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Messages - John Nettles

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61
Routes / Re: Chicago to Cincinnati?
« on: August 01, 2021, 07:46:53 pm »
The Cincinnati to Cleveland back to GAP/C&O is on the bucket list after the wife retires.  That said, as Aggie suggests, I would definitely use a GPS track to help guide me.

As far as the Chicago to Cincinnati, I would just follow ACA's route to Richmond, IN, then create my own route to Cincinnati.

Tailwinds, John

62
General Discussion / Re: Laundry
« on: August 01, 2021, 07:37:01 pm »
While I personally would not use the Scrubba, I could see those that only carry one set of riding clothes and one set of camp clothes doing so.  It doubles as a dry bag (or maybe a pillow) so, depending on durability, it might take the place of an existing dry bag if you use one which can cost nearly as as much.
It does supposedly have 1300+ 5* reviews so it can't be all that bad.

Tailwinds, John

63
General Discussion / Re: Laundry
« on: July 31, 2021, 10:22:01 pm »
Just to clarify, when washing using Ortliebs, I meant it was done in camp, not on the road while riding.

64
General Discussion / Re: C&O trail
« on: July 31, 2021, 07:57:55 am »
The C&O is better than my ‘home trail: Delaware Canal State in PA.
Thanks for the info.  I know that trail is one I want to avoid then  ;D
Tailwinds, John

65
General Discussion / Re: Laundry
« on: July 30, 2021, 05:33:03 pm »
I have read that some round the world travelers using Ortlieb (or similar) roll-top panniers just use a pannier as a "wash machine".  Some did it "deluxe" and used one for wash and another for rinse.  No extra weight and they typically are not in any rush whatsoever so they typically do laundry and the bag drys out overnight.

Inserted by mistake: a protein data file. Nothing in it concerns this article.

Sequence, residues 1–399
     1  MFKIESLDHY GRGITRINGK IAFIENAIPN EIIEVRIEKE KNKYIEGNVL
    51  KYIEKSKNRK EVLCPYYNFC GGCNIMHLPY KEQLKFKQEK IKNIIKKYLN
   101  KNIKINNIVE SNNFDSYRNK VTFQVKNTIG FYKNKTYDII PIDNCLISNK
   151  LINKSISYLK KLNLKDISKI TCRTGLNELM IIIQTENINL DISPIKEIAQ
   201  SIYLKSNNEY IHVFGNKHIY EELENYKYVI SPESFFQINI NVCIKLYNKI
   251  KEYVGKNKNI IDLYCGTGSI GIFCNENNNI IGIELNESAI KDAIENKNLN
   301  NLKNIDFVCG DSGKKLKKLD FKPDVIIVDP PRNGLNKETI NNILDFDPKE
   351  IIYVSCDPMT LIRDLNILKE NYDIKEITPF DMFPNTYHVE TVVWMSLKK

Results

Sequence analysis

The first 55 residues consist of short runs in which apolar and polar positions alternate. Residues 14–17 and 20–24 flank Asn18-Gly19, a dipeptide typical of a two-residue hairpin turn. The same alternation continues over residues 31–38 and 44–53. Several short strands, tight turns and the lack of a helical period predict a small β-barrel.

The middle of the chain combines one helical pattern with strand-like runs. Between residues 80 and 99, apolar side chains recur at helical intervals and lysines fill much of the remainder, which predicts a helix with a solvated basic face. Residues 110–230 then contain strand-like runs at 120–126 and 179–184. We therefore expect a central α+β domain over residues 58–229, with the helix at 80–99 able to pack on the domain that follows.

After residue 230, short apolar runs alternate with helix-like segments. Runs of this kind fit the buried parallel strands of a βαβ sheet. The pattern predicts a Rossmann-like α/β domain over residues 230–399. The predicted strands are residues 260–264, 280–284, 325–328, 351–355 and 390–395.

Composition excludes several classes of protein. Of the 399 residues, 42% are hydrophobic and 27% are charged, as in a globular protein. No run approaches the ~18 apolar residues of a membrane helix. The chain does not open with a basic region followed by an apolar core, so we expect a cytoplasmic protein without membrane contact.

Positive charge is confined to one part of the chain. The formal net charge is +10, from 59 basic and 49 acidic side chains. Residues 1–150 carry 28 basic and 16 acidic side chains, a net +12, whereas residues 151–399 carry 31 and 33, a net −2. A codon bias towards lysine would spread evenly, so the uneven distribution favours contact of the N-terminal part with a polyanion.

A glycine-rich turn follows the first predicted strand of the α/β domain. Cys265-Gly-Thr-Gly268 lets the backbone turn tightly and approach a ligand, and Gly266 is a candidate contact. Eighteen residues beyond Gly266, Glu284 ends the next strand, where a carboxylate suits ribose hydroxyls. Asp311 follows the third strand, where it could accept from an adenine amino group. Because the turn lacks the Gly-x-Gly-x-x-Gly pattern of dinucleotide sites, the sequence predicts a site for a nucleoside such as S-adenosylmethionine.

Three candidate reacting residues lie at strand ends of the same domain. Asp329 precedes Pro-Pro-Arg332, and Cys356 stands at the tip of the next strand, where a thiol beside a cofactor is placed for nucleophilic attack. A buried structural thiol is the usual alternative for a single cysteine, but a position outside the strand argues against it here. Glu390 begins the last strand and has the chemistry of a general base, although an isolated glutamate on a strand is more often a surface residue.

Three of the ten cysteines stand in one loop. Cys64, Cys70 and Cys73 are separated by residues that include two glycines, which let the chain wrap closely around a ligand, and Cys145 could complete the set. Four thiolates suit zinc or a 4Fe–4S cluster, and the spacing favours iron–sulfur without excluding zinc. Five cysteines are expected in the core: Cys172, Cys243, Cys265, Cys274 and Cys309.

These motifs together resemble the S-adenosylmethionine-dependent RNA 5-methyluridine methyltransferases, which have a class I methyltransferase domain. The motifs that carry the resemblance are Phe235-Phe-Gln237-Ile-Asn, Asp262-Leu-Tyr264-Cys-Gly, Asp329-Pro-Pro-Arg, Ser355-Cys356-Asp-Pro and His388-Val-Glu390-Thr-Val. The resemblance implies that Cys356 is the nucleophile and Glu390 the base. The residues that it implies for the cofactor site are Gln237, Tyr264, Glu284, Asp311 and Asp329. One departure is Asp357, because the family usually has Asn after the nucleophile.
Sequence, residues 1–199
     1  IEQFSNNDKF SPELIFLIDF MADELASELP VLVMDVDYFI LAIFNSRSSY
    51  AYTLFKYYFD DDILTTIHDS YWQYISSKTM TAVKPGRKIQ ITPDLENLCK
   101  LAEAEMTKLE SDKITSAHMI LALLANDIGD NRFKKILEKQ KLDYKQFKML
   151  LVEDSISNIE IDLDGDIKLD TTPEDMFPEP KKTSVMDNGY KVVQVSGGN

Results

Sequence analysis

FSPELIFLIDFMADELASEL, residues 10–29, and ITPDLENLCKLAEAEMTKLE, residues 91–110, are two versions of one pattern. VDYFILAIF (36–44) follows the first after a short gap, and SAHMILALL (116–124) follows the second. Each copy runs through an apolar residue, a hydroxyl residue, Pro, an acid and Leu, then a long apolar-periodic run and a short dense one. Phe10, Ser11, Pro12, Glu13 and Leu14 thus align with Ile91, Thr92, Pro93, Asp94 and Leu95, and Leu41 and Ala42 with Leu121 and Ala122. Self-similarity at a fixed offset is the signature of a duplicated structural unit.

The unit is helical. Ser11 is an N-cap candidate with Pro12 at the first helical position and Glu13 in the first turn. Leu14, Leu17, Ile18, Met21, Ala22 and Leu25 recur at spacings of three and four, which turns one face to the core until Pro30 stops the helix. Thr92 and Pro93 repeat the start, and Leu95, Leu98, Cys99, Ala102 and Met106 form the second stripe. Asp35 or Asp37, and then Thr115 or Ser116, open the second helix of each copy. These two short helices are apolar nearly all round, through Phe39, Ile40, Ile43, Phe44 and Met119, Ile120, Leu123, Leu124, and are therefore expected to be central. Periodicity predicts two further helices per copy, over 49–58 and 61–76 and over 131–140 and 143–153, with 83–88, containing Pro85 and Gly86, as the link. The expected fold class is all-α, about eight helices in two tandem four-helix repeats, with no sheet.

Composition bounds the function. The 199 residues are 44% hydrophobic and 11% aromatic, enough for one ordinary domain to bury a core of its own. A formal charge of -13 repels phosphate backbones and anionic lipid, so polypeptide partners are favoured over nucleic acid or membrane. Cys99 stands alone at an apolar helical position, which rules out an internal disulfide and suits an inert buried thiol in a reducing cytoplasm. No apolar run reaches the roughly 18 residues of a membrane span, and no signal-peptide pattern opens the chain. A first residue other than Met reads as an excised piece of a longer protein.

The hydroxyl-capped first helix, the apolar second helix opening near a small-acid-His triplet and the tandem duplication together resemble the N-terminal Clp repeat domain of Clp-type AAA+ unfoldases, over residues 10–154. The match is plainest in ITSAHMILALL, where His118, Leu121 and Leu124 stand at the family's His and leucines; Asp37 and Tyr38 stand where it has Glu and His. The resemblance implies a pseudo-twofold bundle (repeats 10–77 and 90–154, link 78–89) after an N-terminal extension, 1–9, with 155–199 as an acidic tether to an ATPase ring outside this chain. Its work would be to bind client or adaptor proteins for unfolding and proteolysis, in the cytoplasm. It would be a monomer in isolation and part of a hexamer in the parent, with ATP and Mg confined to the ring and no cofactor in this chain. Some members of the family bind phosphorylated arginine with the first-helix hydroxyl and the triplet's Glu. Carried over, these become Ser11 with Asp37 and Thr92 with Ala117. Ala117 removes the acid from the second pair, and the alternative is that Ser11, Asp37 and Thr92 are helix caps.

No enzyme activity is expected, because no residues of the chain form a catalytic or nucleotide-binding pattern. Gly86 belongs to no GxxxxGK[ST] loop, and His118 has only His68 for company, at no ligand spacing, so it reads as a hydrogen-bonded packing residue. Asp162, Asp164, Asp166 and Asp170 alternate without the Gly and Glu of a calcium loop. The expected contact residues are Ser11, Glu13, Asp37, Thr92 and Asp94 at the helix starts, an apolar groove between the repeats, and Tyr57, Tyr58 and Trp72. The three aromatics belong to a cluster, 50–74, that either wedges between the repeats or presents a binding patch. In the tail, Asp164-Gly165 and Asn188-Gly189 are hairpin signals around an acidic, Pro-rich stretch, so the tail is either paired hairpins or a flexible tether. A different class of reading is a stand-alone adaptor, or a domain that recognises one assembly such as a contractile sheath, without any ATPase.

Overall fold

I personally have not done it but if I was desperate enough, I probably would.

Tailwinds, John

66
General Discussion / Re: C&O trail
« on: July 29, 2021, 11:41:34 pm »
Yep, it was like that back in 1982 when I rode it from Harper's Ferry to DC.  I called them once and asked about it and they said it is to it remains "natural".  I pointed out how all the National Forests and tons of other National Parks have pavement, maintenance, etc.  His response was well DC decides such things.  I said, You are in DC! To which it was the stereotypical "it is above my pay grade".

I think they should at least grade it and place crushed granite so it is like a regular rail trail.  Heck, charge a fee if needed like the National Parks.  Also, a few water taps along the way would be nice.

At least you are out touring though!
Tailwinds, John

67
Routes / Re: Brittany, Normandy; idea plea
« on: July 26, 2021, 04:56:07 pm »
Hello,
Unfortunately, I am not able to help that much since this is primarily a website focused on ACA routes.  You might have better luck over on CrazyGuyonaBike.com or probably more European based cycling groups.

Tailwinds, John

68
I mostly agree with Pete.  I have found riding on sidewalks usually is less safe.  This is true primarily due to cars turning in front of you as you enter the intersection, not seeing/expecting to see you as they pull out of a store's parking lot, etc.

Sometimes, especially in Minnesota and Wisconsin, where bike paths are much more prevalent and the paths sometimes turn into glorified sidewalks, then I have not had much issue riding sidewalks.  However, I would say this is about 15%-20% of the time.

Generally speaking, if the road is rideable, I think it is safer to ride the road than a sidewalk. That said, do what is most comfortable for you personally.